On Wednesday 5 June (World Environment Day), a group of volunteers teamed up with South West Lakes Trust’s Invasive Species Officer, Nicola Morris, and Area Countryside Warden Nigel Tomkinson, to do battle with some uninvited lakeside aliens – Himalayan Balsam! Fighting off midges, bramble and blackthorn, and tackling steep, uneven ground, the team were determined to bring the battle straight to the known strongholds around Siblyback Lake.

Himalayan Balsam is an invasive species that grows rapidly and spreads quickly, shading out other (often native) vegetation. If left unchallenged, the plant happily marches along river banks and lake shores.

Countryside Warden Nigel Tomkinson said, “I first took on the battle of Balsam at Siblyback about eight years ago when I was working as a volunteer for South West Lakes Trust. I can remember the plant being in droves along parts of the southern shore. It seemed such a daunting task at the time, with the plants being almost everywhere I looked. Since then, we have seen the plant reduce significantly along the southern shore and around Crylla car park.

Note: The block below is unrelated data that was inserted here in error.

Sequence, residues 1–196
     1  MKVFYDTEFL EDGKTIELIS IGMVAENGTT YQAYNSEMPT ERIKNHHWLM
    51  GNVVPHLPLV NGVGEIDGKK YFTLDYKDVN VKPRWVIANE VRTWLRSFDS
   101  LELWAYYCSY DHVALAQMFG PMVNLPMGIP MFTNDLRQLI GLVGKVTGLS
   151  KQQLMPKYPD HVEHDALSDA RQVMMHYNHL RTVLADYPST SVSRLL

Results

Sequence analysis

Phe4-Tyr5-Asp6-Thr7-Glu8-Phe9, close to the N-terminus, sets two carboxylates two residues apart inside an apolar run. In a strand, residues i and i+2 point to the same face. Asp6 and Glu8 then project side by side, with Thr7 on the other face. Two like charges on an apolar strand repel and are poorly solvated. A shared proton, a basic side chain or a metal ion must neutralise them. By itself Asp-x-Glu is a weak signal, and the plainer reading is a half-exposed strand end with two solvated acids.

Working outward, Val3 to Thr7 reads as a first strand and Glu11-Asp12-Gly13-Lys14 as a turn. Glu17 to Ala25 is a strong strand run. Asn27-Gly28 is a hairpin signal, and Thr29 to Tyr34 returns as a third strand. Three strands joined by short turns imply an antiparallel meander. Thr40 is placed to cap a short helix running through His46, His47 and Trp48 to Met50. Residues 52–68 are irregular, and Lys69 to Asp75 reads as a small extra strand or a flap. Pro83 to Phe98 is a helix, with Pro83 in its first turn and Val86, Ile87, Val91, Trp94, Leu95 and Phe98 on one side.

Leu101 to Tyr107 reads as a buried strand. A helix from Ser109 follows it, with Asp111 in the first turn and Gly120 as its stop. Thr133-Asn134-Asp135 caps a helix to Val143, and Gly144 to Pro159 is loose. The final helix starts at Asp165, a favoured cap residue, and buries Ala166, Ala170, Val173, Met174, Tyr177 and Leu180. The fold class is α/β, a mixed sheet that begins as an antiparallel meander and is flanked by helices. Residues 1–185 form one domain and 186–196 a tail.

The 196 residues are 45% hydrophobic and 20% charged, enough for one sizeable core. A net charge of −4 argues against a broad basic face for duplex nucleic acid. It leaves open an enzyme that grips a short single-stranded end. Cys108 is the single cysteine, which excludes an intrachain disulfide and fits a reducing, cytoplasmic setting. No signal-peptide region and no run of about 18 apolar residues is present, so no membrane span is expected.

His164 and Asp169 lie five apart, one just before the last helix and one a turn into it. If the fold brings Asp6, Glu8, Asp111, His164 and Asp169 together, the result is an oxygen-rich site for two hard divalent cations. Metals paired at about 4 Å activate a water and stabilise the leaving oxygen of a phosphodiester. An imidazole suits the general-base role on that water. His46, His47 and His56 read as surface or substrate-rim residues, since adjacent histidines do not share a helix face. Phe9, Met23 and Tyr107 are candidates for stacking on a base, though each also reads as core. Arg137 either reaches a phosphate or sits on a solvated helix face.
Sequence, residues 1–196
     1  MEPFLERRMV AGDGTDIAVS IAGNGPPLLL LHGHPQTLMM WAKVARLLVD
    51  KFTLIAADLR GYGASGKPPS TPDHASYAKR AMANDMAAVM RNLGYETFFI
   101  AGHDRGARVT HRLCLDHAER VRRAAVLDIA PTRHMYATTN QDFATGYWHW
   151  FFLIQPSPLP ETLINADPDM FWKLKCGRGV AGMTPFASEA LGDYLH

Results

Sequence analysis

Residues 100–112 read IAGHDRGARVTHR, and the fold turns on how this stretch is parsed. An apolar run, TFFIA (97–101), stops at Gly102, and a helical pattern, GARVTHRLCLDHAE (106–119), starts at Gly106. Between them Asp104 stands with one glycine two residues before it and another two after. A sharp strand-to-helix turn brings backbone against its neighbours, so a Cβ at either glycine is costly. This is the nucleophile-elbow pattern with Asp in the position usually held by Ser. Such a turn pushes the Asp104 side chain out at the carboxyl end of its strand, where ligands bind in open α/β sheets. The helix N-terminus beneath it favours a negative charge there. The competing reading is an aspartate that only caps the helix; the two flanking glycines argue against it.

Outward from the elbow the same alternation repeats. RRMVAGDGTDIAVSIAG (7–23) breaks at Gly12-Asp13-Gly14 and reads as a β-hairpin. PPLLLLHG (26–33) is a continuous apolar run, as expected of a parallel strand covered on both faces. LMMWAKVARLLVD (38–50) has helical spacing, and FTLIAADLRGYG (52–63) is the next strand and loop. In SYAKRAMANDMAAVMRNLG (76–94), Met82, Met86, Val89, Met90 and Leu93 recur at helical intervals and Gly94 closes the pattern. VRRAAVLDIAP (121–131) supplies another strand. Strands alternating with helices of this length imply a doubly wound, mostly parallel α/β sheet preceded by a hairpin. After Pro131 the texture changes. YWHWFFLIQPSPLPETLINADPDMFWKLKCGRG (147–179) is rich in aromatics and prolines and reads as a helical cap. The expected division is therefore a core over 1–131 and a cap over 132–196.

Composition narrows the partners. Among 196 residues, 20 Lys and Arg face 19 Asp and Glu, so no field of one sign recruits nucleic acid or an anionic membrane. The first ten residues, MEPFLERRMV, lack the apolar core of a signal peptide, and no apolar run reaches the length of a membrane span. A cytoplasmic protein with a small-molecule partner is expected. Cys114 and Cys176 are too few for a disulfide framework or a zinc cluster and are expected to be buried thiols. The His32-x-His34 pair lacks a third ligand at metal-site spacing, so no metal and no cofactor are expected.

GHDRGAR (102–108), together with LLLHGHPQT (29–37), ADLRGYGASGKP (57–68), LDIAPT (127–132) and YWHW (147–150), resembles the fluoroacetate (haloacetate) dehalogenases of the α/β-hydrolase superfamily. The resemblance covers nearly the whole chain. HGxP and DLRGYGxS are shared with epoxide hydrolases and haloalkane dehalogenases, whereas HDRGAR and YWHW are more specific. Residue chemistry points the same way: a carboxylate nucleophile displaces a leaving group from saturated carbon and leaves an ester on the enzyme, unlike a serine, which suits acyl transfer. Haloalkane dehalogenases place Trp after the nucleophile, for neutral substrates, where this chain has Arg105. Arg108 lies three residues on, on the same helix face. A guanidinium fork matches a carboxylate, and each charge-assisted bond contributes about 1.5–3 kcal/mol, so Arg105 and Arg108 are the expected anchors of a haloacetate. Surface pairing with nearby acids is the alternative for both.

Himalayan Balsam a few years prior, and after the clearing:


“But the Battle goes on, for this cunningly little plant quickly spreads, and sometimes just when you think you have cleared an area, you turn to find another troop happily invading the next corner!”

Thanks to the team’s persistence, there are now just a few pocket areas around the site. Fortunately, the areas that have been cleared in the past have quickly recovered with native vegetation.

Himalayan Balsam is a fairly simple species to deal with; it is easy to pull up and break the stem, before placing it in a tree where it quickly dries out.  Nigel Tomkinson said, “The secret is to deal with the plant before it sets seed. Once this has happened, pulling up the plant sends a shower of seeds exploding out and you will end up with even more than when you first started! So, timing for the battle is crucial."

“After a few hours, we withdrew to the safety of the car park and were looking forward to celebrating our hard work with lashings of chocolate cake, when someone asked, “Where’s Stuart?’’ There was some concern that we were a man down, before we realised we didn’t have a Stuart with us! Think we had some form of Himalayan fever!”

The ‘Siblyback Strike Back Team’ are planning another advance on this determined plant later in July. If you would like more information or to enrol as a volunteer, please contact South West Lakes Trust on 01566 771930 or [email protected]

If you spot any invasive non-native species at any South West Lakes Trust sites, please contact Nicola at [email protected]